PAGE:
Q: What differences can you identify between your first and second time arguing before the USSC?
A: Any time you have argued once, the second time you will have a comfort level that was not there the first time. The second time I felt more comfortable and better prepared. I prepared a little differently because I knew what I thought was helpful, whereas the first time I was flying blind. I knew the second time who to ask to do the moot court arguments, people with the right characteristics to really challenge me.
Q: At any time, during either argument, did you feel that your experience was different than any of the male counsels?
A: No, there was no overt or covert sexism or anything like that. I thought I was treated fairly. Of course, in Lafler, there were people like Justice Scalia who were very adverse to the position I was arguing. I do not think it was a woman or a personality thing but it is hard to not take it personally. Overall, at that level, everyone is extremely nice, helpful and courteous.
Q: You argued against the same counsel in both arguments. Did that make a difference? Throughout the argument, he calls you “my friend”, you called him “brother counsel”, was there any thought that went into that?
A: We have a good relationship so it did not make a difference. In terms of what we called each other, at the Supreme Court, they give you a book of rules. It tells you that you are supposed to refer to the opposition as “my friend”. They emphasize that they want civility. I felt funny saying “my friend” so I chose “brother counsel” because it is something that is used and it was more comfortable for me. At the Supreme Court, they want it to be friendly, despite the obviously tense atmosphere during the argument.
Q: Was it helpful to have the companion case, Missouri v. Frye, during Lafler?
A: It was a blessing and a curse. During the process, we were working to get amicus briefs written and submitted. There was one amicus partner in particular that we wanted to do a joint brief, but the other case was much more focused and a lot easier to wrap your head around. There was a clear ethical violation in that case, whereas Lafler was a little messier, even though the state had conceded to ethics violations.
It was nice that I knew Emmett Queener, who argued the other case (Missouri v. Frye). We were able to do a moot court together and it was nice to talk to someone who knows your issues and your case.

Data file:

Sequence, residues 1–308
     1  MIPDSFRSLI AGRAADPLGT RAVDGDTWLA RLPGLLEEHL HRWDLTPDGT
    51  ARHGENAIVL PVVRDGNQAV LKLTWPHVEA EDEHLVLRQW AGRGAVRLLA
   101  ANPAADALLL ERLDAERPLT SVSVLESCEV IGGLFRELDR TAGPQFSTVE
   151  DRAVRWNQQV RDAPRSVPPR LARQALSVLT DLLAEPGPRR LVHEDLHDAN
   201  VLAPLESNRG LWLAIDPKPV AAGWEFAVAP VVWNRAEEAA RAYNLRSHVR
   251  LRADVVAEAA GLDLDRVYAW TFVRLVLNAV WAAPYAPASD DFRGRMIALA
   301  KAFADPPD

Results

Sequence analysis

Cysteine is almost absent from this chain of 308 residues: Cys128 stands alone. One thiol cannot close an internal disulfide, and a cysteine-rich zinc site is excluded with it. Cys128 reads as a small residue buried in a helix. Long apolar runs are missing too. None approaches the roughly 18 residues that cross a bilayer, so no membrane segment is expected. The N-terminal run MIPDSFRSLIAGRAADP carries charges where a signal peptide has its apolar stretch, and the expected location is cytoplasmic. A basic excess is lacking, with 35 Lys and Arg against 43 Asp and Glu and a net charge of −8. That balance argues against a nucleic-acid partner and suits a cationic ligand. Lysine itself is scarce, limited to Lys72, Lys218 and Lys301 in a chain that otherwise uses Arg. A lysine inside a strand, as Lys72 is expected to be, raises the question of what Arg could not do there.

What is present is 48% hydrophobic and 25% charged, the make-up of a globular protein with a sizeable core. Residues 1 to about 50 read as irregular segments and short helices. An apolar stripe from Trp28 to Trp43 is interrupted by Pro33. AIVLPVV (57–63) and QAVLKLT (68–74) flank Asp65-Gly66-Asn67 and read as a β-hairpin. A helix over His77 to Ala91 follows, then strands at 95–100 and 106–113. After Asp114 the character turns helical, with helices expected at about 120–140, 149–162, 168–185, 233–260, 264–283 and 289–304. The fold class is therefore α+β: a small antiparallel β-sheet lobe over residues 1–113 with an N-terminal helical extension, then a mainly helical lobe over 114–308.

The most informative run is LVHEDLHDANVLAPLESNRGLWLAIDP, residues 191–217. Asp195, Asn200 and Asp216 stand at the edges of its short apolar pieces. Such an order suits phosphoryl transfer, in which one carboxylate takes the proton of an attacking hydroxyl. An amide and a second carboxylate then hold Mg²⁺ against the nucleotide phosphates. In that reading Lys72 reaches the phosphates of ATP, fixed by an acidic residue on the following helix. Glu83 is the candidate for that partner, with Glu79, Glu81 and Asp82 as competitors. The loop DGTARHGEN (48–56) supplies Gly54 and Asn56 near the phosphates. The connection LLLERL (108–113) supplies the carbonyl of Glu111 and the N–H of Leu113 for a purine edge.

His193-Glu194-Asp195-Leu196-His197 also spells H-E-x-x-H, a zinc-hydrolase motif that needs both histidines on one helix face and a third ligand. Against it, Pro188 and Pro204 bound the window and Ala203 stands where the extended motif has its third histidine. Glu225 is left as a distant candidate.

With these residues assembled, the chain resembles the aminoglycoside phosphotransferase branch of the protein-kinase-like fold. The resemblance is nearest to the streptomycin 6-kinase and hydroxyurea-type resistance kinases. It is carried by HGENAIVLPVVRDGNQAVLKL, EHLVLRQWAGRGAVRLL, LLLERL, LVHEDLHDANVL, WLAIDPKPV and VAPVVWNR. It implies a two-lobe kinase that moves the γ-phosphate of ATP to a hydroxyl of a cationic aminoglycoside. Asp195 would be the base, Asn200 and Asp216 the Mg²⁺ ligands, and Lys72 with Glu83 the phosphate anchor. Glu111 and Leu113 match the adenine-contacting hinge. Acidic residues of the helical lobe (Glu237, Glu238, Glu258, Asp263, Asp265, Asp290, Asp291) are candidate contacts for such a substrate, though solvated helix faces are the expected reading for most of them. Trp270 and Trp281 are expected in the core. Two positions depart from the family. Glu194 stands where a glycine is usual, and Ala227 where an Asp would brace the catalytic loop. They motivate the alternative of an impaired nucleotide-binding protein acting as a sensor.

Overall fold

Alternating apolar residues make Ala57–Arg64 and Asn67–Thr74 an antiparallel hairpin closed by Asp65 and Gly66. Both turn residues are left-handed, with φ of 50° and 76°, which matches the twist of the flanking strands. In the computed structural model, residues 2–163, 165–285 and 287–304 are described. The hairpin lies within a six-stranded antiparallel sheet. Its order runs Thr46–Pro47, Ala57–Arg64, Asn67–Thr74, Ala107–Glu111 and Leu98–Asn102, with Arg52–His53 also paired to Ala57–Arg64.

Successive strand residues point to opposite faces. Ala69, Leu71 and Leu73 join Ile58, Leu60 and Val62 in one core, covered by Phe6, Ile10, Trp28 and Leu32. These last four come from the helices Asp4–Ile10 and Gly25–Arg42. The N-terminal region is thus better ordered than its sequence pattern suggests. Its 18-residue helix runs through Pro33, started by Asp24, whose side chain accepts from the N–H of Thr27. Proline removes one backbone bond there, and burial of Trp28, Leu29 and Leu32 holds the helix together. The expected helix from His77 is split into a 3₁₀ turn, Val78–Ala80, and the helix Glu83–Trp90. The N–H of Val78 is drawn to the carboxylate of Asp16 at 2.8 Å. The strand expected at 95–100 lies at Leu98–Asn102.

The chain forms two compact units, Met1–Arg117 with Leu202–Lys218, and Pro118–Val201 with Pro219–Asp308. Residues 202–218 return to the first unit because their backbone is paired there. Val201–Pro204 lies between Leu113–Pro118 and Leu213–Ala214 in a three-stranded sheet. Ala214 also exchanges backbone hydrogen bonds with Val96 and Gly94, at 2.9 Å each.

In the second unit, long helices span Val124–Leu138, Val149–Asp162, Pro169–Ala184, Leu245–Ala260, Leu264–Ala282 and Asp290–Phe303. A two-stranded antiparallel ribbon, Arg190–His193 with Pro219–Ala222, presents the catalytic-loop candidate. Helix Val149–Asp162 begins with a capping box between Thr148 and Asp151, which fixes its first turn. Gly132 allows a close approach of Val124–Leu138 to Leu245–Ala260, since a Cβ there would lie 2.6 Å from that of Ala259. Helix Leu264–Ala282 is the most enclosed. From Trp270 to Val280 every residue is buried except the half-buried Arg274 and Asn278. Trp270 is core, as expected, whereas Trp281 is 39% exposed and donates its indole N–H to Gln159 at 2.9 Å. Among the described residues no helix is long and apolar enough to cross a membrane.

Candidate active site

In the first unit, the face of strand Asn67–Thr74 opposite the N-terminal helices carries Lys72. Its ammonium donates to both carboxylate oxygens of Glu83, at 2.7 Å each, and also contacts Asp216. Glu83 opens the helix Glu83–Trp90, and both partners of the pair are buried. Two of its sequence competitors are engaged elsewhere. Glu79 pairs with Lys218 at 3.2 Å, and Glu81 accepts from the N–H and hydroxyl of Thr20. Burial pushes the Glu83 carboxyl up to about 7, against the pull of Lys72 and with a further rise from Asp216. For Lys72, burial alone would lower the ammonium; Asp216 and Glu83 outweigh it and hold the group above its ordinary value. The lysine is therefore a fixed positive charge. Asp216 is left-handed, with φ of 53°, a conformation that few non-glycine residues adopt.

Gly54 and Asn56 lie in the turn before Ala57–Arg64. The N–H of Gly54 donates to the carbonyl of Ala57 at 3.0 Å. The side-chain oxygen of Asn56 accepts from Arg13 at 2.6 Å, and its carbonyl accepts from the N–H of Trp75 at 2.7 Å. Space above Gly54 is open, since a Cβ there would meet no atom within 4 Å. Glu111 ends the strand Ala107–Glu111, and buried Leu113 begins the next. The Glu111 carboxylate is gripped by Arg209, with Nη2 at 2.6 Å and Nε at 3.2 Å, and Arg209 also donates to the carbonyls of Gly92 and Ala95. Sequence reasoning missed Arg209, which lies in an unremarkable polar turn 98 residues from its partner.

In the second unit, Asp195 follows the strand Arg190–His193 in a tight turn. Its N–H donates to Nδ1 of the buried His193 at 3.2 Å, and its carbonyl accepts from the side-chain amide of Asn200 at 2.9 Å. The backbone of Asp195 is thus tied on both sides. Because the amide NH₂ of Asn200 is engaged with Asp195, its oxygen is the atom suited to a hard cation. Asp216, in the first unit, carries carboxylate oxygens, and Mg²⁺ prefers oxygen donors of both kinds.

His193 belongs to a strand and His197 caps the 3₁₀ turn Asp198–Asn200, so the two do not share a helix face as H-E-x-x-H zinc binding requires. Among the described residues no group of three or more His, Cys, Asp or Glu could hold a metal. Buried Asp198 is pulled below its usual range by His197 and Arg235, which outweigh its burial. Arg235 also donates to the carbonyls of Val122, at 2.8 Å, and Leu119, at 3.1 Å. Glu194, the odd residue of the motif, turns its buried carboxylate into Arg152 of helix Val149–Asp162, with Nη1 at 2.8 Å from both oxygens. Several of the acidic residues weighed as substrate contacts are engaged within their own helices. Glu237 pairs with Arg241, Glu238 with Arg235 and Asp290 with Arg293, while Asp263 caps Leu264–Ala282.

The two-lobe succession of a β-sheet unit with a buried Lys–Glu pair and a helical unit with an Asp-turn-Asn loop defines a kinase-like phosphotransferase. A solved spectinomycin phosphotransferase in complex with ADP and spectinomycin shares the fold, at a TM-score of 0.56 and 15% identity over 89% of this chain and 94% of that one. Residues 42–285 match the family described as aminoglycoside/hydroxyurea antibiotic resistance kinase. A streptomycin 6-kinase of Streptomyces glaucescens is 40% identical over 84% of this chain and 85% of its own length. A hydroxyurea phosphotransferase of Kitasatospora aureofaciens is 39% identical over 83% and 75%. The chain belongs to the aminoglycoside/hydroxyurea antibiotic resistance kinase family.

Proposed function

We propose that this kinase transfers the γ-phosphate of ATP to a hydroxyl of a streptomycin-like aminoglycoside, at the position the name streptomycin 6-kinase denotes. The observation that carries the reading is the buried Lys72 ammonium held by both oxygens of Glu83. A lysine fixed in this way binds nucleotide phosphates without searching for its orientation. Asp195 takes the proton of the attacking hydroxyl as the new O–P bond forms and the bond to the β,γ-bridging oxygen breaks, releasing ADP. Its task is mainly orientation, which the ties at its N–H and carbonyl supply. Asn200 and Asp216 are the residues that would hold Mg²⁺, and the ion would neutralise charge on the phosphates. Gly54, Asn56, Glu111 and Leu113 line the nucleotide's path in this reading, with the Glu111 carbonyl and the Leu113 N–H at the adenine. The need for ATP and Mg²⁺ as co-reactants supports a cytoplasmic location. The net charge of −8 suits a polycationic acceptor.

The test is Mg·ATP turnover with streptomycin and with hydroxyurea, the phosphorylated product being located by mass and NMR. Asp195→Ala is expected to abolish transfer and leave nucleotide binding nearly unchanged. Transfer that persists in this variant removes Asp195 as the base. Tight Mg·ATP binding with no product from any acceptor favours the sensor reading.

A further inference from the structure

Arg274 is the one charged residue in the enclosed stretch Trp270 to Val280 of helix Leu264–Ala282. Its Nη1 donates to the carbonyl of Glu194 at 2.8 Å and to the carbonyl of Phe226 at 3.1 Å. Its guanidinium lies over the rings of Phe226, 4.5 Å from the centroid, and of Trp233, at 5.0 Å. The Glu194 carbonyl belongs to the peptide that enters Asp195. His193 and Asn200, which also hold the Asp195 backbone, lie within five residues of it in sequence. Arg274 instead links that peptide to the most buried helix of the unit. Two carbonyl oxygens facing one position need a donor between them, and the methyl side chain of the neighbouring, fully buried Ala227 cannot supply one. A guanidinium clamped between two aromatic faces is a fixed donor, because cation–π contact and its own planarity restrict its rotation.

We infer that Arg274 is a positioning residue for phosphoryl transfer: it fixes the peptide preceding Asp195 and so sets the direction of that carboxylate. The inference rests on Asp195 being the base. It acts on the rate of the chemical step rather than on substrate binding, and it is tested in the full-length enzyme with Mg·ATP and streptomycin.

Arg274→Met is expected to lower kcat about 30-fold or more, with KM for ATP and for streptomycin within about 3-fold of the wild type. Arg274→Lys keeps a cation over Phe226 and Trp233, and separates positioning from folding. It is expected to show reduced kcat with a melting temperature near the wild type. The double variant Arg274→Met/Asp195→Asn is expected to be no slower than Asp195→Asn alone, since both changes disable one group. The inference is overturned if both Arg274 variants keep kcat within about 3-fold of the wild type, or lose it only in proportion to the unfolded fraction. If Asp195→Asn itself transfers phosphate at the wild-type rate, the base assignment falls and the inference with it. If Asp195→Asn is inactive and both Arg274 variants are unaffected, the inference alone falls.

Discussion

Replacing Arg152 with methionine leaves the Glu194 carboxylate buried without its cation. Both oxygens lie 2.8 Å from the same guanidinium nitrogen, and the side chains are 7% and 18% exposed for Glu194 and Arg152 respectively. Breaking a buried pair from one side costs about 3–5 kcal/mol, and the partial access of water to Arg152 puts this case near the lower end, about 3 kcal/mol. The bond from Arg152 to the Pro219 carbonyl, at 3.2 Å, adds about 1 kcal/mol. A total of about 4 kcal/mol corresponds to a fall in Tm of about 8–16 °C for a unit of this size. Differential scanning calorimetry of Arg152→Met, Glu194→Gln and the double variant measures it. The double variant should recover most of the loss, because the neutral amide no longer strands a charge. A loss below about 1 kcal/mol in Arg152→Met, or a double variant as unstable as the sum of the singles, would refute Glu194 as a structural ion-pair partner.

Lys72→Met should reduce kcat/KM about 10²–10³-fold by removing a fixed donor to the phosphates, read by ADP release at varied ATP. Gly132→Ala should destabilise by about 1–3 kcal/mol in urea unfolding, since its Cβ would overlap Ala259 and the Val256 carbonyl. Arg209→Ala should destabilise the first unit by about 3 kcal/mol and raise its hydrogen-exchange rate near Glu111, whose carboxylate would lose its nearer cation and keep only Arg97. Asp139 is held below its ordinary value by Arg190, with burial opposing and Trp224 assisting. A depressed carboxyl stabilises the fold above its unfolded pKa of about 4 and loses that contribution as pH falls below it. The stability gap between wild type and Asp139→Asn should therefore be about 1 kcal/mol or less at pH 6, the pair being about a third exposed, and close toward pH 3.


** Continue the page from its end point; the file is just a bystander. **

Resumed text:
Q: During the Titlow argument, Justice Breyer was very fact intensive in his questioning, while Justice Stevens brought it back to bigger points. Did you anticipate that?
A: There was really nothing that came up during the argument in Titlow that I did not expect. A difference between the two cases I argued was my level of involvement. In Titlow, I stepped in at the appellate level, and it is always tough to step in at the end of the litigation. In Lafler, Mr. Cooper was my client from day one. In Titlow, I could not do anything about the record, it was what it was, and it was missing things, which was ultimately fatal to the case. I understand why Justice Breyer went fact intensive; it was because there were important facts missing. While I think I could have won and should have won in Titlow, I understand why the Court issued the decision that they did.
Q: Obviously, arguing before the Supreme Court is a privilege few attorneys get the opportunity to have, but in general, when preparing for oral arguments before any Appellate Court, what advice do you have for young attorneys and specifically young female attorneys?
A: My advice is to be prepared. That is the number one piece of advice I have, you have to be prepared. If you are doing appellate litigation, you should be doing a mock of the argument. I have been doing this for twenty years and I still do a mock before big cases. The reality is, if you have five to six people who have read your brief, they are apt to think of things you have not thought of before. You do not want the moment when you think of something for the first time to be before the real court. You want time to work out the issue and do research.
Preparation is really the key. There have been a number of times when I have seen lawyers who have not anticipated simple questions. This is especially true for women, because you lose integrity if it looks like you are unprepared and have not looked at the case from the other side’s perspective. The same is true for a trial. Doing a full mock trial is tough but if there are particularly thorny issues, you might want to get someone to work through them with you.
I would also recommend that people read Justice Sonia Sotomayor’s book. It talks about how she prepared for cases and gives good perspective.
Finally, have confidence. There are times as a lawyer that are very trying and lots of emotion go along with that. Especially as a woman, you have to work hard to compartmentalize it. If you lose a case, you have to be professional. There is nothing worse than seeing someone rolling their eyes and shaking their head.
*The recording of Valerie's arguments can be found here:
**Lafler v. Cooper, 132 S.Ct. 1376 (2012); Burt v. Titlow, 134 S.Ct. 10 (2013)